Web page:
Global Thermostat has commercialised its latest direct air capture (DAC) technology to enhance the growth of microalgae biomass used to produce renewable fuels in Kailua-Kona, Hawaii.
The DAC specialist recently commercialised the T-Series system for the capture of carbon dioxide (CO2). At the Hawaii-based project, the innovation will help facilitate the continuous feeding of direct-captured CO2 to strains of algae.
DAC technologies directly capture CO2 from the atmosphere to help achieve Net Zero and eventually net negative greenhouse gas emissions as sources of existing emissions are drawn down.
The technology is highly scalable and has many advantages as a carbon dioxide removal (CDR) solution: it enables permanent sequestration, is directly measurable, and does not interfere with natural systems.
DAC can be used in combination with underground storage or mineralisation to permanently remove past carbon dioxide emissions. Or the captured carbon can be substituted for fossil-based carbon in critical, everyday products.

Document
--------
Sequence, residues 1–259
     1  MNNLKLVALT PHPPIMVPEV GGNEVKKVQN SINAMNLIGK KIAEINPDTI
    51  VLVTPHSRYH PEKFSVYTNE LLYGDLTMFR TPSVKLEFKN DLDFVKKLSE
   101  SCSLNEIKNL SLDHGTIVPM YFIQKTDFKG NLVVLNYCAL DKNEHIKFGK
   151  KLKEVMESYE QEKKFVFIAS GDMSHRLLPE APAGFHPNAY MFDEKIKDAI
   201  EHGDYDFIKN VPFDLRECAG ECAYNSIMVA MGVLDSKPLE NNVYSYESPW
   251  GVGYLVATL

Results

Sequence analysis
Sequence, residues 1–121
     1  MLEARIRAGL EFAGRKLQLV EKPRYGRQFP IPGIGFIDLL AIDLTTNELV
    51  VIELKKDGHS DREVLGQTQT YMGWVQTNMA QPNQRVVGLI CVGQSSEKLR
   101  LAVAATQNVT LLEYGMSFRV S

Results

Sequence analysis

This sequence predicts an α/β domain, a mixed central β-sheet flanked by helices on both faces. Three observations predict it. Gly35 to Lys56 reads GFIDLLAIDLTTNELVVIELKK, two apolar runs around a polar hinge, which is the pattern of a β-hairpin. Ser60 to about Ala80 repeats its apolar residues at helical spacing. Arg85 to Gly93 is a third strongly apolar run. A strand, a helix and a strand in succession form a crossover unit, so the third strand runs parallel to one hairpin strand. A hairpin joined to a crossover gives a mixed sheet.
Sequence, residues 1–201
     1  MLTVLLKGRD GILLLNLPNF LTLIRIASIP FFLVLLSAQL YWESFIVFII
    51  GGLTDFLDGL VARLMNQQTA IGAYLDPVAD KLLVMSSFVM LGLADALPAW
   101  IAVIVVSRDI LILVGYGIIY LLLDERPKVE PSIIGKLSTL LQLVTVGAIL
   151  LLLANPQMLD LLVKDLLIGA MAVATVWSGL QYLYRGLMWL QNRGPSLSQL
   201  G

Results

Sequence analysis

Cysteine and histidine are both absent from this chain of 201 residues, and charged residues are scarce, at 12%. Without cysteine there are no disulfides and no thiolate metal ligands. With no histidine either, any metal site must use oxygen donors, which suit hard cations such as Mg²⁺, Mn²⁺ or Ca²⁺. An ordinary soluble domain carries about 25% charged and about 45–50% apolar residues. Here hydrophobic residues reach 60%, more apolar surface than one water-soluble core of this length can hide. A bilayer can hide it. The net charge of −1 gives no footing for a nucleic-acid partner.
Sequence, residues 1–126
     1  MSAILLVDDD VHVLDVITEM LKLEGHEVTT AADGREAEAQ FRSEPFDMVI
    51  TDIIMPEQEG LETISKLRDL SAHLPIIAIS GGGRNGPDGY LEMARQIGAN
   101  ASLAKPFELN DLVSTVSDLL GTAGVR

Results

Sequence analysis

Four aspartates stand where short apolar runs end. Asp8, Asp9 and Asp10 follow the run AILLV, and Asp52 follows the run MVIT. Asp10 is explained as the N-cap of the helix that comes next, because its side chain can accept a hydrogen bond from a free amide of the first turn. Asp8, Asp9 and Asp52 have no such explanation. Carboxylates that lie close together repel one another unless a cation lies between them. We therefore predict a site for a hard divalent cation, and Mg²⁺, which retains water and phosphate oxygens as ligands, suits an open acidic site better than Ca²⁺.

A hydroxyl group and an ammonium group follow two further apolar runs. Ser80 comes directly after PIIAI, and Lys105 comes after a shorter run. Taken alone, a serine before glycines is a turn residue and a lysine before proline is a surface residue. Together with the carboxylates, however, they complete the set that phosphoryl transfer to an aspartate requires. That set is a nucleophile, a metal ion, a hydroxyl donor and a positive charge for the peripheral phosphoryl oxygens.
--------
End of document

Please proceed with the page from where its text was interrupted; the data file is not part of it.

According to the latest report by the scientists of the United Nations’ Intergovernmental Panel on Climate Change, “CO2 removal is necessary to achieve Net Zero CO2 and greenhouse emissions both globally and nationally, counterbalancing ‘hard-to-abate’ residual emissions.”
It further recognises CO2 removal solutions as an essential element of scenarios that limit warming to 1.5°C or below 2°C.
MicroBio Engineering will deploy the T-Series system with Cyanotech Corporation. The project is also supported by researchers at the Pacific Northwest National Laboratory and was funded by the Department of Energy (DOE) as part of its effort to advance solutions that support the reduction of greenhouse gas emissions.
Paul Nahi, CEO of Global Thermostat, explains that the T-Series can capture and provide industrial amounts of CO2 for a wide range of applications in a compact, containerised footprint. He also notes that customers can start small and scale the system over time.
Global Thermostat’s T-Series will be added to the company’s K-Series module portfolio, which has the capacity to capture around 1,000 tonnes of CO2 per year. The first K-Series has been successfully operating since 2022 at the company’s headquarters in Denver.
The company’s patented DAC solution consists of high-efficiency fans that pull air through ultra-high surface area contactors where the surface geometry and embedded solid sorbent have been custom-designed to optimise the capture of CO2. Low-temperature heat then rapidly releases the CO2 for long-term storage or reuse.
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